The armour...The body armour, the 'Lorica Segmentata' (which means segmented plates in Latin) is probably one of the most desirable pieces on this figure.  Although it looks convincingly real and made from metal, it is in fact plastic with brass fastenings with real leather straps.  A true testament to Kaustic Plastik and their attention to detail it really does look the part.  The front and rear fastenings are brass tie-down eyelets as would be found on the 1:1 counterpart.  There was some complaint on the OSW forum that these brass fastenings were not mounted level and were slightly uneven, that I can assure you is entirely intentional.  This is supposed to be a representation of armour worn in 49AD, it is a piece of functional hardware and is not supposed to look perfect.  A peek inside the armour shows the leather straps that the plates would have been riveted on to keep them in place.  Unfortunately one of my leather straps had found its way loose during transit, but was easily glued back in place.  A word of caution on the removal of this armour; I only did so that you could see the entire figure and each part that goes into its construction.  I would avoid removing the armour if you can to reduce the risk of stress on the tiny delicate parts.  If you do decide to remove it, untie each of the straps carefully with tweezers and exercise caution when undoing the brass buckles from the leather straps at the top of the chest and rear below the neck.  To give you some idea of the intricacy of this task, it took only two minutes to remove the armour, but about twenty to put it back on again properly!  Remove it at your own risk (and sanity because you're going to need a lot of patience to put it back together!).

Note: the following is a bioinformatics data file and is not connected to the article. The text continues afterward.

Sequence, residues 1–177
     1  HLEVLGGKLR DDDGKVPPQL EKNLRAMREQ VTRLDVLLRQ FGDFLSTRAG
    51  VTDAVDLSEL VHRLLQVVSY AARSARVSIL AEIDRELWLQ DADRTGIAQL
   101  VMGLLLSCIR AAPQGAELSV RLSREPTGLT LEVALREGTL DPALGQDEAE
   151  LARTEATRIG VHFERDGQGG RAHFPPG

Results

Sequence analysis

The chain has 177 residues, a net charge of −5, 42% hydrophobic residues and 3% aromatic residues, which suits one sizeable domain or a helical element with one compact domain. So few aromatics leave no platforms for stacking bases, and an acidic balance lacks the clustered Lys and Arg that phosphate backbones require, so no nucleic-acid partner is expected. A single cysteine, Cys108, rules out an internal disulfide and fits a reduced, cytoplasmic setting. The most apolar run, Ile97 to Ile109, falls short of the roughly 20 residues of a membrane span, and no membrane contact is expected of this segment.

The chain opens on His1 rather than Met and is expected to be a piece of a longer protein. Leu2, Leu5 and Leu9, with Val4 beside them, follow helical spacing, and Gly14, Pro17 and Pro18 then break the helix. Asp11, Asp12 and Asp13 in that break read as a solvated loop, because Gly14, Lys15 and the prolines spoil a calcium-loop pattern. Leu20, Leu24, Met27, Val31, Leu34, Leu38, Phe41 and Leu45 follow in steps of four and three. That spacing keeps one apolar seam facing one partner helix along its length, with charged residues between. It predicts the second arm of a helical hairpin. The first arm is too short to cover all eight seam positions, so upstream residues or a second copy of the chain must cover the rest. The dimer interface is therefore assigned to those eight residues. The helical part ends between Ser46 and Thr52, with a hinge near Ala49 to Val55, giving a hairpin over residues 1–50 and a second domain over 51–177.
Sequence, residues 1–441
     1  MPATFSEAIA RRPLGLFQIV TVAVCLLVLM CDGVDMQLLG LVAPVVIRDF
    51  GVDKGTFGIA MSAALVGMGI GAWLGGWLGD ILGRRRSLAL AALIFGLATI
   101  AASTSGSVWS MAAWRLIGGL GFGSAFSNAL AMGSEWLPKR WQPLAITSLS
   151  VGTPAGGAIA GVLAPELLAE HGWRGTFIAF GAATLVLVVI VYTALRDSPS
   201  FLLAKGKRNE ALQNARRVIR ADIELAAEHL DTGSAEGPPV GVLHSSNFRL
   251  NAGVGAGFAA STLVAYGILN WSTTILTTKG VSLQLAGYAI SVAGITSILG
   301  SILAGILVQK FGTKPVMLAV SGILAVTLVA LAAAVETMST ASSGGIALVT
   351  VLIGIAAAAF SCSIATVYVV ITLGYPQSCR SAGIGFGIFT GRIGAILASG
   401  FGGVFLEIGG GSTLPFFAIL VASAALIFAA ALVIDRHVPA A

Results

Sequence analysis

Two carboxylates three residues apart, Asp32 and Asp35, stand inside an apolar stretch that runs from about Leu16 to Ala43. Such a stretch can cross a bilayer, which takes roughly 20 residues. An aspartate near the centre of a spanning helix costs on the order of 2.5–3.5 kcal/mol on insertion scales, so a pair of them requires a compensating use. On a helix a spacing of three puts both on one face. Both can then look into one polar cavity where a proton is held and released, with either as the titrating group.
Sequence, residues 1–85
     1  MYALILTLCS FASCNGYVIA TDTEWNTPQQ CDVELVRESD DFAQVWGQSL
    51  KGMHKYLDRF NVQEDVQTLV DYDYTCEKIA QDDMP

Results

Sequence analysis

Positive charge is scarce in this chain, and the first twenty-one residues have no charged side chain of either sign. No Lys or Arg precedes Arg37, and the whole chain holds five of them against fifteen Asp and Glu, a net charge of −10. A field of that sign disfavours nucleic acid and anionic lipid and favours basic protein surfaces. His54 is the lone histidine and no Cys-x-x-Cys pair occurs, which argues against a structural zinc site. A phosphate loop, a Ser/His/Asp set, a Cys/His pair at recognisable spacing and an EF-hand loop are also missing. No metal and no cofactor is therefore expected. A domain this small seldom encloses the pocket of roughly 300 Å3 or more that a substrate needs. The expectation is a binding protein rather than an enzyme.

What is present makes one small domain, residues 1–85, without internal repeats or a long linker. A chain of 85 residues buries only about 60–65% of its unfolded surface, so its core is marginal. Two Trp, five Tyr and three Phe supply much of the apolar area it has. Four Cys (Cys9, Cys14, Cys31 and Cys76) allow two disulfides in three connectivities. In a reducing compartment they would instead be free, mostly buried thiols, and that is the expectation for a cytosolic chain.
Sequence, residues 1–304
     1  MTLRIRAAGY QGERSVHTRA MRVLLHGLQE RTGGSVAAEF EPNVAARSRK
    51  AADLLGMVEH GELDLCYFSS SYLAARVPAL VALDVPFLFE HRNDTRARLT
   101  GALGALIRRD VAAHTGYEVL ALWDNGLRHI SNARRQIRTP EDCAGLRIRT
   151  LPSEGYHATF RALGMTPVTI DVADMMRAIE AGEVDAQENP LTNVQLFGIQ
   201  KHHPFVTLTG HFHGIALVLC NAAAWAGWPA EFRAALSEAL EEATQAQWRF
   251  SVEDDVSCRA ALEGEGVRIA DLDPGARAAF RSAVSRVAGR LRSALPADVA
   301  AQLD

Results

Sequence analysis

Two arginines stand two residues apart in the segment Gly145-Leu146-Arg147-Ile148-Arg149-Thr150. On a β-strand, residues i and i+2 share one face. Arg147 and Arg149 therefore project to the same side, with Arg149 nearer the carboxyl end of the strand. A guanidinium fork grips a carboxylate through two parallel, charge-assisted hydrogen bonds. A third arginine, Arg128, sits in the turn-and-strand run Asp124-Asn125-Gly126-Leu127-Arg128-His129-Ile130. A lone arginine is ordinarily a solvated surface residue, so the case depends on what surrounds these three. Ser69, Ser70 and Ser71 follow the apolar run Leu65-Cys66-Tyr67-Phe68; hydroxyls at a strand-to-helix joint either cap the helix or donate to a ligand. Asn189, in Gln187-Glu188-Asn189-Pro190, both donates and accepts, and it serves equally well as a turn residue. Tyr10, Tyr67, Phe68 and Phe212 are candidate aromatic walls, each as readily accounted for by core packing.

The shield is another fantastically decorated and stunningly realistic piece.  We know that these would have been constructed in wood and covered in leather and this piece imitates that well, although it is made of plastic.  The metal semi-sphere in the centre of the shield known as the 'boss' looks the part, and the decorative imitation metal parts add to the beauty of this piece.  The words 'LEG XIV' (14th Legion) can be found embossed on the front.